The Royal Navy has decommissioned patrol boats HMS Sabre and HMS Scimitar in a ceremony at Portsmouth Naval Base today.
The pair have spent nearly 30 years in service, serving in Northern Ireland in their early career and as guard ships with the Gibraltar Squadron from 2003 to late 2020.
They returned to the UK two years ago from Gibraltar, with HMS Dasher and HMS Pursuer taking over duties around the Rock temporarily while two modern £5m boats, HMS Cutlass and HMS Dagger, worked towards full operations.
Since being back in home waters, Sabre and Scimitar have been used to give sailors in training valuable sea time as they learn essential naval skills that will provide a foundation for their careers.
The last sailors to serve on Sabre and Scimitar gathered at the base for the decommissioning ceremony attended by affiliates and Royal Navy seniors.
Commanding officer of Scimitar, Lieutenant Joshua Tyrie, said: “It’s been an honour to be the last commanding officer of Scimitar. It’s a bittersweet moment saying goodbye to the ship.
“Today is a sad day, we’ve put a lot of time and work into maintaining these ships making sure we can deliver on operations.
“It’s now sadly time to say goodbye and it’s the right time to do so but it tugs on the heartstrings, especially with the good work the ship’s company has put in to keep them going over such a long career.”
He added: “My highlight of my command was driving her under Tower Bridge in London and sail past HMS Belfast.”
Both HMS Sabre and Scimitar started off their service in the Royal Navy under different names.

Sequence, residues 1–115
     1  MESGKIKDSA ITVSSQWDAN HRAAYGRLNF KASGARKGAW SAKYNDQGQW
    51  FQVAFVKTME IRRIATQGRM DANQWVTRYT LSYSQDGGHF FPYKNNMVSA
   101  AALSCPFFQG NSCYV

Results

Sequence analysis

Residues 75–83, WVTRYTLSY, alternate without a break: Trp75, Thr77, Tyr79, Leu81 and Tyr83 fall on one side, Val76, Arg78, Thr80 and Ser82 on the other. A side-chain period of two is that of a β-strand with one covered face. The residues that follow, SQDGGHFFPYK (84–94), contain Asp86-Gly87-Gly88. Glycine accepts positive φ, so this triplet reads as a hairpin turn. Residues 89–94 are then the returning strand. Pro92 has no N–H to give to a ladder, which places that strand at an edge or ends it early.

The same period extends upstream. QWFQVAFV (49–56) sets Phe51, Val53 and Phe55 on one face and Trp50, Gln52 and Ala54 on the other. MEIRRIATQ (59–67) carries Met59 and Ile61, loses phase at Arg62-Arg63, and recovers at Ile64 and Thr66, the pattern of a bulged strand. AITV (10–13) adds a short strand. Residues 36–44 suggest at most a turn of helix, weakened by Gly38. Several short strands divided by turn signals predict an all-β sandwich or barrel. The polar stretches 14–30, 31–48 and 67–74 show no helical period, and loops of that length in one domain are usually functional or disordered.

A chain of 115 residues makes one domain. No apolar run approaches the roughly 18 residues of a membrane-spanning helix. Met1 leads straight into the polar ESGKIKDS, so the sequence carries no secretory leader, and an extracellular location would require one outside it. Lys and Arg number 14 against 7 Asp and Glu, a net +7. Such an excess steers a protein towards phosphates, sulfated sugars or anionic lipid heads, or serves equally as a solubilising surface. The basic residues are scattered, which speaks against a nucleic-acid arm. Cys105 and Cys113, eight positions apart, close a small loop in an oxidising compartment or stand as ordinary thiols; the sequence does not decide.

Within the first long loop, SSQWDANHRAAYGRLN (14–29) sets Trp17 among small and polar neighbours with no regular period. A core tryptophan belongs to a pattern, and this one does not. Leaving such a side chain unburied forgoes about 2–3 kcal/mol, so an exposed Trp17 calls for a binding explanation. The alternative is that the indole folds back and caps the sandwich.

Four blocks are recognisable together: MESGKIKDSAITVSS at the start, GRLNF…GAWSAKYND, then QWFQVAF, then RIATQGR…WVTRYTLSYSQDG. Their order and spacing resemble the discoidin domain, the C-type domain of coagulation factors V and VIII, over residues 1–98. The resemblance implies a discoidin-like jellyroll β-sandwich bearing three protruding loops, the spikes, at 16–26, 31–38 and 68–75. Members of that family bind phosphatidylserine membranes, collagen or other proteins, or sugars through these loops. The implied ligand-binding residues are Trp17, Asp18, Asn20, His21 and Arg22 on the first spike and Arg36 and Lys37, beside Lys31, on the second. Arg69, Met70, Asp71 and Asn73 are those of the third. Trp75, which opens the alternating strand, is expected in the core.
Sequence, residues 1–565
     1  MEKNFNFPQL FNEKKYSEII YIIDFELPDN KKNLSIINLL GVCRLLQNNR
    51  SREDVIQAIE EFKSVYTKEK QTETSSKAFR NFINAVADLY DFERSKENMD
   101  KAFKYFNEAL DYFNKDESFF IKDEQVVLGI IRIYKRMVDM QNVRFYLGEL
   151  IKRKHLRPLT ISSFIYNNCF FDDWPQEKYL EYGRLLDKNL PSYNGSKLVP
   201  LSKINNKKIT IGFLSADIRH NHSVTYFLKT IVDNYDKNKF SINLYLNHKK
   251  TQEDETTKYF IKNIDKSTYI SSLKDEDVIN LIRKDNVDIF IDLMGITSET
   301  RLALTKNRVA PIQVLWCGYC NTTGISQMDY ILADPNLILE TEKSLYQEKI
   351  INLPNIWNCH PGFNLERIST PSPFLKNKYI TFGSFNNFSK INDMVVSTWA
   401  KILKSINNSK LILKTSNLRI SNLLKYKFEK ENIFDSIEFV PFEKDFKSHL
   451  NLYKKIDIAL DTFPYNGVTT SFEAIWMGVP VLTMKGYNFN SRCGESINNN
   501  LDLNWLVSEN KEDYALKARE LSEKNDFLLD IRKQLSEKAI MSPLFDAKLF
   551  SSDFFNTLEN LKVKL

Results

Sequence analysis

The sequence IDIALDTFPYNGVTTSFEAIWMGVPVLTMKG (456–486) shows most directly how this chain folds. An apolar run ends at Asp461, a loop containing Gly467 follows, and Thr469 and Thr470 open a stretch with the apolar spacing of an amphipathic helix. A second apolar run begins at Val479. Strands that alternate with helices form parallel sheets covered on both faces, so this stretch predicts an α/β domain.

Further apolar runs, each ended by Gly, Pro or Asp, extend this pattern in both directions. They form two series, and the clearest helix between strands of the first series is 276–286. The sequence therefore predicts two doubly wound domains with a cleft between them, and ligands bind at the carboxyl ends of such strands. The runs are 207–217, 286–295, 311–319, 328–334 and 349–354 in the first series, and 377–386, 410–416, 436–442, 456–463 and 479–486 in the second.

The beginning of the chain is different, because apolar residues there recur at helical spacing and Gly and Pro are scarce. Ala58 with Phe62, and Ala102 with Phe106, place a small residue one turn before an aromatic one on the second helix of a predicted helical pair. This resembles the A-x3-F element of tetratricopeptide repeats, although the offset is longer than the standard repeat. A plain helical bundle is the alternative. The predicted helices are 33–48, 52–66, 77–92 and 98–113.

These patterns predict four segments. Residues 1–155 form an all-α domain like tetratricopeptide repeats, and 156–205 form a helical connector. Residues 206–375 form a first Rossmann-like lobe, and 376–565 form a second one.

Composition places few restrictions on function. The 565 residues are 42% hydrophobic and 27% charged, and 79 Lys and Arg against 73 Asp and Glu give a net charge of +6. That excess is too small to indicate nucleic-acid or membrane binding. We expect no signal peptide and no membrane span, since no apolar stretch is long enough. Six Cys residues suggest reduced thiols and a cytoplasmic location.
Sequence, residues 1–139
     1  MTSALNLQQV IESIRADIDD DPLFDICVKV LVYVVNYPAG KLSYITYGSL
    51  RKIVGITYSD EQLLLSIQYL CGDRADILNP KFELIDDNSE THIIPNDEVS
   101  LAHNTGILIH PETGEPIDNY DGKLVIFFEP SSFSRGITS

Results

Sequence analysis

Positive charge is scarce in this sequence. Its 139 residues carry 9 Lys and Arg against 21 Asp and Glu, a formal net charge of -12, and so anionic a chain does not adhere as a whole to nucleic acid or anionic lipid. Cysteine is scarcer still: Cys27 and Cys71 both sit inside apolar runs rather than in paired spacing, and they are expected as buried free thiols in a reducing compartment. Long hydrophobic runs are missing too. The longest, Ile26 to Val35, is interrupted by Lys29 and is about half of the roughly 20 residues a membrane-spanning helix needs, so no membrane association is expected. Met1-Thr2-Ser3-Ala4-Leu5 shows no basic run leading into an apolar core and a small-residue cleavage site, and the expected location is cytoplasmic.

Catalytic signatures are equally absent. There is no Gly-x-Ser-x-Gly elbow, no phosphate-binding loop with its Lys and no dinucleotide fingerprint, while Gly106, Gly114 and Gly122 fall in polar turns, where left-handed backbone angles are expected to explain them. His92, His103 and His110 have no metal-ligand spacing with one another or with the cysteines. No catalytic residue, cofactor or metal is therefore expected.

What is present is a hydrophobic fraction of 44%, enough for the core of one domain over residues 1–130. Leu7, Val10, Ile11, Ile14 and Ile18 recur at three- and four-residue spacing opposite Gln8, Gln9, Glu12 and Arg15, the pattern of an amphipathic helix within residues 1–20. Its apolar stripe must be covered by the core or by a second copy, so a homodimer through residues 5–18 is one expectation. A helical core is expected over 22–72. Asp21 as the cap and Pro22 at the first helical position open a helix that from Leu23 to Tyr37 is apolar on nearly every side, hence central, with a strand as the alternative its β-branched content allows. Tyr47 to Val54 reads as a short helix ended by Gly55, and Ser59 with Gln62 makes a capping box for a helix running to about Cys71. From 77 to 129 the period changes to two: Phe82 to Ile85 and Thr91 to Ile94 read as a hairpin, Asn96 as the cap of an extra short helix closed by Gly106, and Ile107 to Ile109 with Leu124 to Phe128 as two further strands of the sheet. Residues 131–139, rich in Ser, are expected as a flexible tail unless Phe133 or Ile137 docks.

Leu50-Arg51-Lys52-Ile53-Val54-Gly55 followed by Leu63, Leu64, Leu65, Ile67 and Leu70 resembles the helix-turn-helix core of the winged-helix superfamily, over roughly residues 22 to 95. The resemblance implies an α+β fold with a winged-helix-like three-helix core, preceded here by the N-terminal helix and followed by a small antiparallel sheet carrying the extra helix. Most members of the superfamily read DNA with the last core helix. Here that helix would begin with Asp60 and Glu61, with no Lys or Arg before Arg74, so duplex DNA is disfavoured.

Scimitar was known as Grey Fox while Sabre was known as Grey Wolf during their stint on operations in Northern Ireland. They served as Royal Marines’ patrol crafts having joined the Fleet in 1993.
Then almost a decade later, the pair were renamed and sent to Gibraltar, guarding the Rock’s waters across 17 years.
Lieutenant Chris Cotterill, commanding officer of Sabre, said: “I feel somewhat emotion about being the last commanding officer of HMS Sabre based on the fact she’s been in the water since before I was even born. There’s a lot of history there.
“It means a lot for us to give her a proper send off today. We’ve been working hard these last weeks and months for the Coastal Forces Squadron, but making sure Sabre gets a proper send-off is very close to our hearts.”
He added: “One of my highlights of my time with Sabre was last December escorting HMS Queen Elizabeth back in after her global deployment.”
The first replacement, HMS Cutlass, was recently handed over to the Gibraltar Squadron after three months of trials ahead of being declared fully operational in this spring, while the second, HMS Dagger, is due to arrive later this year.
Together, they will be long-term replacements for Sabre and Scimitar and will be the backbone of the squadron, replacing P2000s Dasher and Pursuer.
With a top speed of 40 knots, the new boats – built by Merseyside-based Marine Specialised Technology – are twice as fast as the P2000s, smaller, nimbler and equipped with the latest optical and infra-red systems, enabling crew to identify and track potential threats at range.
And unlike Dasher and Pursuer – both nearly 35 years old – many of the systems on board are autonomous, helping the crew in her operation, maintenance and response to any unforeseen incidents.